Kris specifically said the “fundamental claim” by Nunes that the FBI misled the court about Christopher Steele was “not true.” Kris said that the government “provided the court with enough information to meaningfully assess Steele’s credibility.” He credulously accepted the FBI’s claims that there was probable cause that Page was a secret Russian asset. “It’s disturbing that Page met that legal standard and that there was probable cause to conclude he was a Russian agent,” he wrote.
Kris said Nunes should be removed from office and removed as chairman of the committee. He floated the idea that Nunes should be charged with obstruction of justice. Kris called for voters to rise up against Republicans and unseat them to keep Nunes from performing oversight of the agency and intelligence community.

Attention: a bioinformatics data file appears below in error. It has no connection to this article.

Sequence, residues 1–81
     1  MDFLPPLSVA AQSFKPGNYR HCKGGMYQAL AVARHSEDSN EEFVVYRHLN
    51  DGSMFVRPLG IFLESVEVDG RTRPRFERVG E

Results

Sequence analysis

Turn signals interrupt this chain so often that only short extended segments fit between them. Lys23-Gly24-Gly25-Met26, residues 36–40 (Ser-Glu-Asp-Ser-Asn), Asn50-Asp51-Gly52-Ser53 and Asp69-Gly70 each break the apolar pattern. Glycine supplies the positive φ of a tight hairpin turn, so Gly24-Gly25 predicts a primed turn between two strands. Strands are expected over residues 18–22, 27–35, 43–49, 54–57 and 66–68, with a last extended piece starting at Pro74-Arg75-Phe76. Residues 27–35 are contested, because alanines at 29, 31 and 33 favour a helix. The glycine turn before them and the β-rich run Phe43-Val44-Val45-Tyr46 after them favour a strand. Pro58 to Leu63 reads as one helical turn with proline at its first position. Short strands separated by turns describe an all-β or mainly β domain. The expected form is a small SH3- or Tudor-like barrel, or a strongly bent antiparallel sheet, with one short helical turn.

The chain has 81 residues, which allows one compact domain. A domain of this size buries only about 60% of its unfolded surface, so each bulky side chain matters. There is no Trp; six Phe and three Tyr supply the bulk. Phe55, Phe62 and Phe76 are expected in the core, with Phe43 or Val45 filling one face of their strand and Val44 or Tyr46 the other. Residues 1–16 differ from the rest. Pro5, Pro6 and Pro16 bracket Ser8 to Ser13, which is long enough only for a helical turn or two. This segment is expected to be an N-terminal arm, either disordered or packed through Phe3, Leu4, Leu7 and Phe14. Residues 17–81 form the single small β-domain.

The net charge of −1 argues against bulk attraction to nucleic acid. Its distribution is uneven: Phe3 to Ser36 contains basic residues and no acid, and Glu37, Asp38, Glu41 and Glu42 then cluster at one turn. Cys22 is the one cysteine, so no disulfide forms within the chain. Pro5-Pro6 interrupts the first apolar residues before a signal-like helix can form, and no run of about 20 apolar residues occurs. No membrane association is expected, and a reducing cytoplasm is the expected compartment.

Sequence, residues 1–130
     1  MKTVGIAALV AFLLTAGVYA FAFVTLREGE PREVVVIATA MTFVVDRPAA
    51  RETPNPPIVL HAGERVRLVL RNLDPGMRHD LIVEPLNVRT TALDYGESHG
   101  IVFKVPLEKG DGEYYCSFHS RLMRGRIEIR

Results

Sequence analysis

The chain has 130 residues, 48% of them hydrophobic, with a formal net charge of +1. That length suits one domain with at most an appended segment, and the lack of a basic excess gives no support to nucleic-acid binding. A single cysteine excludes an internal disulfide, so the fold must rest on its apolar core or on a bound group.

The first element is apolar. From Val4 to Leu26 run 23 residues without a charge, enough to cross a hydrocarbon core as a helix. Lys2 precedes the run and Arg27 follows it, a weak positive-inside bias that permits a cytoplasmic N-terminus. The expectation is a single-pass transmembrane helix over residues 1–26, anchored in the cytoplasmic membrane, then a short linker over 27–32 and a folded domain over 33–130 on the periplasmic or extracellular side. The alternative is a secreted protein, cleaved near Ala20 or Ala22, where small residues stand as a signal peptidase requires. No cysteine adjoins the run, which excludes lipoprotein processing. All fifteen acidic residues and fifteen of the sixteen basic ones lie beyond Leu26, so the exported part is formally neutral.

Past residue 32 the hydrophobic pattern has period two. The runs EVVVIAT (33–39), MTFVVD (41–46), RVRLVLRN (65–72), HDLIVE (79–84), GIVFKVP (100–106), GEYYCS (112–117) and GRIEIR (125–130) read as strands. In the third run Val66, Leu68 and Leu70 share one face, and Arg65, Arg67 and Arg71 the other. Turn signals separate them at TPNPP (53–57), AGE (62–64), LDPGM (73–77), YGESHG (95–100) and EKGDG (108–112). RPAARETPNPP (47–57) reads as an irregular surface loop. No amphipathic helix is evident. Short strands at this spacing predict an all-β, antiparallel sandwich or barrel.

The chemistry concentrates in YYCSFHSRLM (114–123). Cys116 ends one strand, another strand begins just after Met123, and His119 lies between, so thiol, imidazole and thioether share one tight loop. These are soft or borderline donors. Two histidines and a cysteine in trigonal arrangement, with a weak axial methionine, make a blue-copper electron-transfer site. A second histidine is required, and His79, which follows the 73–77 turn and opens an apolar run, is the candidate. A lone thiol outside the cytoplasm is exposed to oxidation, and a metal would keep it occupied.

Kris Adopted Resistance Spin on the IG Report
When the IG report came out, Kris was in lockstep with the spin that the leakers had put out for the weeks leading up to the release of the Horowitz report. He said, as the pre-report leakers asserted through friends in the media, that the “main finding” was that there was no bias and that the claims of critics were fully repudiated. He did acknowledge some mistakes, but downplayed them.
Kris Helped Maddow Defend the FBI against Oversight
When the applications to spy on Page — a man who was victimized by a false dossier alleging he betrayed his country and endured one year of intensive surveillance without being charged with any crime, much less any crime related to treasonous collusion with Russia to steal the 2016 election — were released, Kris appeared on Rachel Maddow’s MSNBC show to defend the FBI and lambast its critics.